No doubt, being steeped from childhood in the methods and design of the public schools, the Christian publishers never thought to question the way “education” was scheduled (scope and sequence) or how it was delivered.  They probably thought that simply putting God back in the books would provide an adequate fix.  People gravitate to that which they are used to, even if it is unpleasant and unproductive.  It takes some research into the origins of the current public school model to find the cleverly disguised yet very effective methods designed to dumb us down and remove our ability to think logically and reason Biblically.

Fortunately, a number of brilliant authors have taken the trouble to research the birth and development of American public schools and connect the dots for us, focusing a searchlight on that which was intended to be too obscure for the average citizen to discover.  Samuel Blumenfeld’s heavily documented NEA The Trojan Horse in American Education takes us back to the 1830’s and the early push to impose a Prussian style school system on the most literate country in the world.  His research puts the lie to the idea that America ever had a need for government schools.

John Taylor Gatto, in his Underground History of Education exposes the Prussian connection further as German trained or influenced leaders undertook to remake America’s schools between 1890 and 1910.  This is when the high school was born in an effort to artificially extend childhood an extra four years.  Kindergarten and age graded classes were imported from Prussia along with “scientific” systems of training and management.  No part of these changes was biblically based or intended to promote a highly educated populace.  The opposite is true.  Our public schools were literally created to feed dumbed-down complacent workers, trained to follow orders uncritically and to endure “boring, repetitive tasks for long periods of time,” (Toeffler: The Third Wave) to the Industrial Revolution.

In 1928 a physics teacher named O.A. Nelson was invited to a private meeting of high-level education planners, which included Dr. John Dewey and Dr. Edward Thorndike of Columbia University as well as Dr. Ziegler, Chairman of the Educational Committee of the Council on Foreign Relations. This is what he reported:

“The sole work of the group was to destroy our schools!  We spent one hour and forty-five minutes discussing the so-called “Modern Math.”  At one point I objected because there was too much memory work, and math is reasoning; not memory.  Dr. Ziegler turned to me and said, “Nelson, wake up!  That is what we want…a math that the pupils cannot apply to life situations when they get out of school!”  (Charlotte Iserbyt: The Deliberate Dumbing Down of America  pp.14-15)  Yet today, Christian leaders uncritically accept all the methods introduced by these utopian secular humanists.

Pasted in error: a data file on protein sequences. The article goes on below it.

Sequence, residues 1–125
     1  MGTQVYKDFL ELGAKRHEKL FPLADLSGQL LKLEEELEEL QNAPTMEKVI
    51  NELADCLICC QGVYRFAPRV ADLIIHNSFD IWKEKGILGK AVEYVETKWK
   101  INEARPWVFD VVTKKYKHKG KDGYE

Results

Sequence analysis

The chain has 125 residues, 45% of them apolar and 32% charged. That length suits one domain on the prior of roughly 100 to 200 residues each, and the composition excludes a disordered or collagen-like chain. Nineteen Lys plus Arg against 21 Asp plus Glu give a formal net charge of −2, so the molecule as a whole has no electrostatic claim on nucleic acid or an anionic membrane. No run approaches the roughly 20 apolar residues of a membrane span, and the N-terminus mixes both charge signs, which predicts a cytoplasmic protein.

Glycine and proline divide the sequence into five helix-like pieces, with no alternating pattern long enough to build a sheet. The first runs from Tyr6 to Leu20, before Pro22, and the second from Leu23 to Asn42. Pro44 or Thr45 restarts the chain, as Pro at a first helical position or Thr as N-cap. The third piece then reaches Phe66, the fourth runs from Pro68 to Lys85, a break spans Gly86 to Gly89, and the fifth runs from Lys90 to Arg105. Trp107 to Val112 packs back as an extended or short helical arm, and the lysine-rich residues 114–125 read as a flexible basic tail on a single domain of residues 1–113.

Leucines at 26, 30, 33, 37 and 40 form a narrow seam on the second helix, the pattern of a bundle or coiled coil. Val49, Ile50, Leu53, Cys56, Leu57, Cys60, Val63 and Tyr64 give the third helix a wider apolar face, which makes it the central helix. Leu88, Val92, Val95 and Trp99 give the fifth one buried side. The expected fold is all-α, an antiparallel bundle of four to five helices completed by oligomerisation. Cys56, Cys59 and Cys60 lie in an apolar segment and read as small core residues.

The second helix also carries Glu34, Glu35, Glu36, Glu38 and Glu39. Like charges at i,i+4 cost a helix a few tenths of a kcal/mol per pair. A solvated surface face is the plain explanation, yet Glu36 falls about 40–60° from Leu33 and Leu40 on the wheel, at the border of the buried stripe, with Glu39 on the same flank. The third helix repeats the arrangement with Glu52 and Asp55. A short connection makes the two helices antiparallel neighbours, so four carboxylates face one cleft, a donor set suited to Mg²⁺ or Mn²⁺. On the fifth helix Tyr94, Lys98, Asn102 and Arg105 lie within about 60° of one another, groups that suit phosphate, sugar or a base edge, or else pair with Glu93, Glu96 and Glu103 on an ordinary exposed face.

So, what are these methods, imported to America barely 100 years ago with the intention to remake America and create a godless socialist utopia?  John Taylor Gatto’s essay, The Seven Lesson Schoolteacher, published in his first book, Dumbing Us Down, provides a good introduction. He shows how every teacher outside of an extreme alternative school teaches children that skill in the game of schooling, not learning, is the path to success.  Although some of the “lessons” listed are specific to schools, homeschools that use contemporary curriculum materials and methods fall victim to many of the same problems.  In adopting the methods of the school, even homeschool families can unwittingly teach many if not most of Gatto’s seven lessons:

  • Confusion: Too many unconnected facts to “learn” while the deeper meaning of history, science, etc. is given short shrift.
  • Class Position: Being locked into a grade level regardless of ability.
  • Indifference: Don’t get too excited about what you are doing because you will soon have to switch to something else.
  • Emotional Dependency: This is normal in a family-not usually a problem for home school families.
  • Intellectual Dependency: You need a teacher/curriculum to learn (a HUGE problem for many homeschoolers)
  • Provisional Self-Esteem: You’re only worth something if you’re a “good student.”
  • One Can’t Hide: There is no privacy. (Usually not a problem in a home setting.)


These are the hidden lessons of modern schooling, but there are more visible methods, with which we are all familiar, that both promote and expand the hidden lessons. None of the great thinkers who helped to found America had what we would think of today as a formal education.  Even what they called college would be totally foreign to us although it was far more intellectually rigorous.  Somehow, these men designed a radically new system of government that has stood the test of time without ever having been exposed to:

  • Multiple choice tests
  • Fill in the blank tests
  • Workbooks
  • Age graded text books
  • Standardized national tests
  • Inane questions at the end of the chapter
  • Study guides
  • 13 years of formal schooling before college or beginning work
  • Scientifically sequenced (programmed) learning
  • Rigid time schedules (what must be learned at a specific age)
  • Grades, labels and Carnegie Credits
  • Inflexible curriculum designed to teach a little bit of everything, seldom with any depth and usually useless and/or irrelevant in a practical sense